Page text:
Levee. Photo by Nicholas Noyes. http://tinyurl.com/ztls4n2

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Interview with Richard Grant

Richard Grant, a British writer who has traveled around the world and recently made Mississippi his home, is a quintessentially “global” Southerner. Mr. Grant’s interests are as wide-ranging as his journeys; he has spent time working on books, articles, and other projects in Mexico, Tanzania, Italy, and the American West. Yet, Mr. Grant felt drawn to the state of Mississippi, where he recently decided to purchase a home.

South Writ Large communicated with Mr. Grant about his new book, Dispatches from Pluto: Lost and Found in the Mississippi Delta, a lively account of his first year living in the Delta.


Dispatches from Pluto: Lost and Found in the Mississippi Delta tells the story of your decision to relocate from New York City to Pluto, Mississippi, where you and your family make a new life for yourselves. What feature of the Mississippi Delta most attracted you?

We knew nothing about the Delta when we decided to buy a remote farmhouse there, thirty miles from the nearest supermarket. It was the setting that attracted me: big sky, golden light, cotton fields and cypress swamps, birds everywhere, deer in the woods.

What aspects of daily life in Mississippi most surprised you?

Shooting squirrels with pink rifles to promote breast cancer awareness. Photographs in the newspapers of five-year-old girls holding up the antlers of deer they had just shot. The extreme racial segregation in Delta schools, with the whites in private academies and blacks in failing public schools. The ability of people to hold enormous family trees in their heads, and remember the maiden names of each other’s great-grandmothers. The custom of giving guests a sixteen-ounce Styrofoam cup full of ice and liquor for the drive home.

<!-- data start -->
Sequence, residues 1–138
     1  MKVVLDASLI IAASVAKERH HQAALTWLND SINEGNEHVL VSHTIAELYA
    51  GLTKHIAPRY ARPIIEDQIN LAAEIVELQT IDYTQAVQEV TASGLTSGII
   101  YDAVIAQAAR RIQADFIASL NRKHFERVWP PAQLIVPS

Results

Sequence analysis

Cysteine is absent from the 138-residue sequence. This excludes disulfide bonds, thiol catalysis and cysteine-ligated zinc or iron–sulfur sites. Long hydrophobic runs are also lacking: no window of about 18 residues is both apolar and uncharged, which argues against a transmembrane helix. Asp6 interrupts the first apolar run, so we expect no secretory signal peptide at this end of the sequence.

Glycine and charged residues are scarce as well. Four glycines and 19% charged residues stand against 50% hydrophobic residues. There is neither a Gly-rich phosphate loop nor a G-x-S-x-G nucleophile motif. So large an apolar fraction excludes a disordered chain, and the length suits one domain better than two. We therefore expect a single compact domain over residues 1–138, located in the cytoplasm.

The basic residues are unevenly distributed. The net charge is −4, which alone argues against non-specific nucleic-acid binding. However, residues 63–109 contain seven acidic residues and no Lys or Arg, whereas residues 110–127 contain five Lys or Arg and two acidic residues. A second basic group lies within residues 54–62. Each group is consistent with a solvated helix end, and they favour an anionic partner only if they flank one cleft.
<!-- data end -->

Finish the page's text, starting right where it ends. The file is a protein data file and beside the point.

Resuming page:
How does the South and Mississippi in particular live up to its reputation for hospitality and friendliness? What were the ways you felt welcomed and what ways did you feel yourself to be an outsider? 

The hospitality has been incredible, wonderful, staggering. On our second day in the house, the nearest neighbors came over with wine and a selection of firearms to shoot. Noting our lack of furniture, they came back two days later with beds, couches, a kitchen table and chairs, armchairs, all on permanent loan for as long as we wanted it. Noting that we had only one vehicle, they gave us the keys to one of their cars. Later on, they adopted us into their family, and hosted our wedding. I always feel like an outsider, but a very welcome outsider.

With whom did you become friends?

As I said, the neighboring Thompsons became more like family than friends. Probably my closest friend was William “Monk” Neal, a black man whose family used to work for the white Thompson family. We spent a lot of time grilling meat, drinking whiskey, listening to music, and talking about the complexities and contradictions of Mississippi race relations. I also became friends with Bill Luckett, the mayor of Clarksdale, and Morgan Freeman, the actor, who lives in the Delta. And the blues singer T-Model Ford (RIP). And Sam Olden, a ninety-seven-year-old former CIA agent with an amazing art collection and dazzling intellect. And the dentist who operated on death row prisoners at Parchman prison. Many others. No shortage of characters in the Delta, and I found it a very easy place to make friends.